©2008 Alastair Reynolds; (P)2009 Tantor
"Reynolds confirms his place among the leaders of the hard-science space-opera renaissance." (Publishers Weekly Starred Review)
"The best of the new breed of space opera. Wild action on a grand scale spans well-imagined and developed worlds." (The Denver Post)
This book finally gets to the really interesting part of the Revelation Space series, the real bad guys. While i appreciated the buildup Reynolds delivered in the first two entries, the third is, by far, the best yet. Even though the 'long plot' is being developed rather slowly, the writing and solid narration keeps me listening to find out what happens to the main characters and hoping the end of the series delivers what I've been anticipating. If you made it through the first two books of the series, you won't be disappointed by the third book!
Someone needs to tell the author and editor that after you spend 1/2 the book going all over the galaxy you can't spend the next 1/2 the book just sitting inside a ship doing procedural stuff! First 1/2 was interesting, second 1/2 was very boring.
Characters were very 1 dimensional and the way they handled situations was very naive given the level of technology they are supposed to have.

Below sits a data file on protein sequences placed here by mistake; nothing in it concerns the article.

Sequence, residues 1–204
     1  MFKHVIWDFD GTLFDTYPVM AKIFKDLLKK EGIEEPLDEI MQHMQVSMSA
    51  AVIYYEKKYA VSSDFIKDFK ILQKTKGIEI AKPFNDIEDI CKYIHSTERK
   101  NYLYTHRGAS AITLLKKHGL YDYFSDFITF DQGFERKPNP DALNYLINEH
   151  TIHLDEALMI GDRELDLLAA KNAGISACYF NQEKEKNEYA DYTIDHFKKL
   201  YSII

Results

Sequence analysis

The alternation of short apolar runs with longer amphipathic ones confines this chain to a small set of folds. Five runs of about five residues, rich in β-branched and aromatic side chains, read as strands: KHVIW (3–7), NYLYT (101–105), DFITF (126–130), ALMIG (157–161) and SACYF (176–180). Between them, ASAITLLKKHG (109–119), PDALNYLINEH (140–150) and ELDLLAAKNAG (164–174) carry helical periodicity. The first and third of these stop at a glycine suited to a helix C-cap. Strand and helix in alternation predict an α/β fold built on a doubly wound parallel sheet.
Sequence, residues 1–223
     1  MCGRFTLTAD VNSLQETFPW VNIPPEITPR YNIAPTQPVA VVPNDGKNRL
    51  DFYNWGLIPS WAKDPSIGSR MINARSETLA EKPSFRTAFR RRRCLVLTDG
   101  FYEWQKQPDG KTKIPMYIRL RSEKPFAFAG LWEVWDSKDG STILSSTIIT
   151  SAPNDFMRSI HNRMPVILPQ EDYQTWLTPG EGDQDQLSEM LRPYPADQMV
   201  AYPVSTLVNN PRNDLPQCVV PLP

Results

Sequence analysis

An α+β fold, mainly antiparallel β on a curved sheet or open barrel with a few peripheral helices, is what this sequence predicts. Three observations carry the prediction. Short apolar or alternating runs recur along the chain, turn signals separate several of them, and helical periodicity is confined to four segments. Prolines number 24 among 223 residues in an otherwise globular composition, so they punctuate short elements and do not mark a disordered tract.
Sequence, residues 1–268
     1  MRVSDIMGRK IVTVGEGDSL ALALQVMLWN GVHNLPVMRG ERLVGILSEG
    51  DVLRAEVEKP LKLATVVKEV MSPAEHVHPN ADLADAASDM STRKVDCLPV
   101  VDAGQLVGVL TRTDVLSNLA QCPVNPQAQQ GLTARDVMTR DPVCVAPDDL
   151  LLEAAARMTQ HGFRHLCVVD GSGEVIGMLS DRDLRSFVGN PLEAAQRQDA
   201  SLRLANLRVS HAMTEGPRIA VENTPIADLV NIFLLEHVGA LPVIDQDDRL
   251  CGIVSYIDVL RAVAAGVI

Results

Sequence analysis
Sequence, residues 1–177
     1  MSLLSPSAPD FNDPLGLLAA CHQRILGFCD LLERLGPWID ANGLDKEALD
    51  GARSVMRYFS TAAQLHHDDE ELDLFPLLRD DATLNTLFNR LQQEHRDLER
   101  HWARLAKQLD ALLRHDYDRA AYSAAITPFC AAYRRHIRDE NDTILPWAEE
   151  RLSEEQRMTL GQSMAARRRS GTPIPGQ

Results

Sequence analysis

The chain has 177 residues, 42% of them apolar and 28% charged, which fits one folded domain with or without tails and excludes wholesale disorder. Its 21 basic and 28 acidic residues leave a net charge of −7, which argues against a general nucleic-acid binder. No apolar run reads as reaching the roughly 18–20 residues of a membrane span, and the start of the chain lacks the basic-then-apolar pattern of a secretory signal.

I wouldn't recommend this book.
Sci-fi at its best. An enthralling plot. The characters are complex and interact in complex patterns against a convincing yet not invasive cosmic background where the key questions about the meaning of life are continuously present.
Nevil Clavain and his internal moral struggle
The channeling of a star through a cosmic funnel to incinerate a whole planet
Continuing the saga started in previous books. Everything ties together.
Still like space operas. Book didn't disappoint
Very heavily accented.
Should have main characters smoking!
excellent story, i was hopping to continue the series where it left off but this prequel is great, I would read this before the others.john lee is great as always.
Tell us about yourself!